OPINION: Saddleback College has militarized our campus


U.S. soldiers head out for a mission aboard Caiman mine-resistant, ambush-protected vehicles and an M1117 Guardian armored security vehicle, background, at Camp Adder, Iraq, Oct. 31, 2009. (Photograph/Anita VanderMolen, U.S. Army [Public domain], via Wikimedia Commons)

When one opts to purchase a new vehicle the intention is to drive in style. When a hunter is looking for a new gun the intention is to execute his prey with an optimal weapon.

What are the intentions of Saddleback College and 40 other colleges in California in receiving Mine-Resistant Ambush Protectant vehicles (MRAP)?  The purpose of these military vehicles is to withstand improvised explosive device (IED) attacks and to detonate land mines.  

Saddleback  is a community college in South Orange County with very little crime and no occurrences of murder, manslaughter, hate crimes, terrorist acts, and bomb threats according to the 2012 annual security report.

Campus police chief Christopher Wilkinson explained the college’s reason for obtaining the MRAP in an article by OC Weekly’s Gabriel San Roman.

“The Caiman MRAP would be used by the Saddleback College Police Department for emergency response of man-made and natural disasters, first responder mutual aid (as part of the OC mutual aid and OC County Emergency Operations Plan), critical incident, hostage rescue, barricaded suspect and active shooter on campus incidents,” Wilkinson said.

There is a lack of transparency in the motives behind acquiring this war machine. The Defense Logistics Agency issued the 1033 Program which provides excess military weapons to state agencies, such as our campus police enforcement.

“In the National Defense Authorization Act for Fiscal Years 1990 and 1991, Congress authorized the transfer of excess DOD personal property to federal and state agencies for use in counter-drug activities.  Congress later passed the National Defense Authorization Act for Fiscal Year 1997; this act allows all law enforcement agencies to acquire property for bona fide law enforcement purposes that assist in their arrest and apprehension mission. Preference is given to counter-drug and counter-terrorism requests, ” the Defense Logistics Agency answered in regards to when and why the program was created.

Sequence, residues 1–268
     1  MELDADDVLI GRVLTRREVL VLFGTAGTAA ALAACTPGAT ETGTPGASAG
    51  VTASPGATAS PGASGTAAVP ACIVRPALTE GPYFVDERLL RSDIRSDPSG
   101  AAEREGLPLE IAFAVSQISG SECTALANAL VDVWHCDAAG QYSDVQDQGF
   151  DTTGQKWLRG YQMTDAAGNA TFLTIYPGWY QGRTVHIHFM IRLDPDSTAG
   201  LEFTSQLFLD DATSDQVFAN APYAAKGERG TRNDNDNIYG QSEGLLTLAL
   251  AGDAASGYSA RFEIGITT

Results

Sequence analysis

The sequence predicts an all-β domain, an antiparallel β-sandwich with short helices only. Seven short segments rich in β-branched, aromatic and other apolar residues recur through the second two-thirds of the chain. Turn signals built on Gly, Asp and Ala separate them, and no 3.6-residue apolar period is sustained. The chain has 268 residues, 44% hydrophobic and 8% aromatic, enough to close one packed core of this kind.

Our campus crime log shows 10 marijuana related crimes. Do our campus police have ulterior motives in busting students for “counter-drug” instances in order to gain precedence for 1033 support?

There is a disconnect in why an MRAP vehicle would alleviate these hypothetical natural disasters and emergency response situations. There are civilian versions of an MRAP that would be just as compatible for emergency response situations.

The Lenco Ballistic Engineered Armored Response Counter Attack Truck, or Bearcat, is a similar armored vehicle that would be more suitable for our campus. However, there are more than just shipping and handling fees to be paid. The Bearcat costs $350,000, where as a MRAP is free once shipping and handling fees are paid.

The MRAP is undoubtably a more sophisticated and impressive vehicle for our police to parade around with. However, is the objective behind having this vehicle to serve our ego or our wallets?

Since 2007, the Pentagon has purchased 25,000 MRAP’s. Apparently, they overbought and elected to militarize local police departments and schools. The temperament of law enforcement and students has already become an us versus them situation. Adding this weaponry to the atmosphere  has only brought upon more tension. The alleged “emergency response” vehicle is misplaced and unfit for Saddleback College’s environment.